Emily Bridges and the threat to women’s sport

There is nothing fair or inclusive about biological males entering women’s competitions.

James Esses

Topics Identity Politics Sport UK

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Proponents of gender ideology constantly tell us that they are only asking for fairness and equality. These sound like laudable ambitions. That is, however, until you discover that what they are actually asking for is unfairness and inequality, particularly for women. This is most clear in the ongoing battles over trans athletes in women’s sports, where women’s concerns have been cast aside.

Last night’s ITV interview with trans cyclist Emily Bridges showed the very real risks that arise in this clash of gender ideology and biological reality. Bridges came out as trans in 2020. Having been barred from racing in a women’s category in March, in the British National Omnium Championships, Bridges hopes to compete against women in this summer’s Commonwealth Games.

The starting premise of gender ideology is often ‘how I feel is who I am’. Bridges made references last night to ‘fellow female athletes’. In Emily’s mind, simply stating that one is a woman, makes one a woman. But in the context of sports and athletics – where the physical body, rather than the mind, is front and centre – this becomes a problem.

Much of the debate in the sporting world centres on whether trans athletes should be allowed to compete with females if they suppress their testosterone levels. Sporting bodies are trying to find the exact level of testosterone that might be deemed ‘fair’.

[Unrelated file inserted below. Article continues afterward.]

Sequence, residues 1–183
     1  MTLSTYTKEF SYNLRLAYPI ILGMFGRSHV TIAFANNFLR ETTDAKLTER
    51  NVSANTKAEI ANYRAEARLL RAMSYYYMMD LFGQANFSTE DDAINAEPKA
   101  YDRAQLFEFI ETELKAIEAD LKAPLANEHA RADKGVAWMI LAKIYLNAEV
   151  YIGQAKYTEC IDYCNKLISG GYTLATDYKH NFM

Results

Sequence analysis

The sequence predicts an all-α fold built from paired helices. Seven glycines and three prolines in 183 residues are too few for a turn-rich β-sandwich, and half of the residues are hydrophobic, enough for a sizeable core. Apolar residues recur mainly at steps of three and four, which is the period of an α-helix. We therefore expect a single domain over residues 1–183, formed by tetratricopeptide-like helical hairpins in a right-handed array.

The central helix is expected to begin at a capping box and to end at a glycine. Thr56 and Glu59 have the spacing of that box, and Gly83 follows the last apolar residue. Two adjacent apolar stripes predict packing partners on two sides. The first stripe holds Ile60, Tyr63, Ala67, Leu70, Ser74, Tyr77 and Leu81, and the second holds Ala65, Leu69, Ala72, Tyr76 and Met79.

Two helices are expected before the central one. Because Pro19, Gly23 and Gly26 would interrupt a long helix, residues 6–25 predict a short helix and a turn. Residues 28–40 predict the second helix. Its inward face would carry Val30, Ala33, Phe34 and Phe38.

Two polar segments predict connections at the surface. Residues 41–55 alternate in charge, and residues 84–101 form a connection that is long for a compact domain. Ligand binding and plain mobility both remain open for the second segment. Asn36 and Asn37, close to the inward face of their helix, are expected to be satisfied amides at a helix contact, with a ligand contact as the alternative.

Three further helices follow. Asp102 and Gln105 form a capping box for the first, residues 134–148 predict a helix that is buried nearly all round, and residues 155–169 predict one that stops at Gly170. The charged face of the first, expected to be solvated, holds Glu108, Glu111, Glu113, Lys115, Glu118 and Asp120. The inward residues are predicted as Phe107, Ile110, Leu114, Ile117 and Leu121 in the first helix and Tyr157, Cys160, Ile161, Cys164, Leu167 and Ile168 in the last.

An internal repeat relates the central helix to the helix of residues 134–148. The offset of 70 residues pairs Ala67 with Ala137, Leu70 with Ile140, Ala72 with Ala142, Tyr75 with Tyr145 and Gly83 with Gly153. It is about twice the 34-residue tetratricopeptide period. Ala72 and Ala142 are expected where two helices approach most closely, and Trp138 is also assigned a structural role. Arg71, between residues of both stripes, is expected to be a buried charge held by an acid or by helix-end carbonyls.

However, this debate misses the fact that the biological and physiological differences between men and women go far beyond hormones. The benefits that come from undergoing male puberty are so stark that in sporting competitions it really could mean the difference between winning or losing, especially when the margins are so tight between athletes who are at the top of their game.

There is no question that, on average, males are stronger, faster and larger than females. Furthermore, going through male puberty, on average, equips men with greater height, greater upper-body strength, larger hand size, greater muscle mass, larger lung capacity and stronger bone density. Even an entire year of suppressing testosterone might not be enough to reduce muscle strength to a ‘fair’ level.

Proponents of gender ideology will, of course, say that some women are taller than some men, that some women have larger hands than some men, etc. However, such deviations at the ends of the spectra do not detract one iota from the averages that apply when we consider all men and women.

To acknowledge these physiological differences between the sexes is not to do a disservice to women. It is simply acknowledging reality – a reality that women themselves are calling for sporting bodies to recognise, in order to ensure fairness in sport.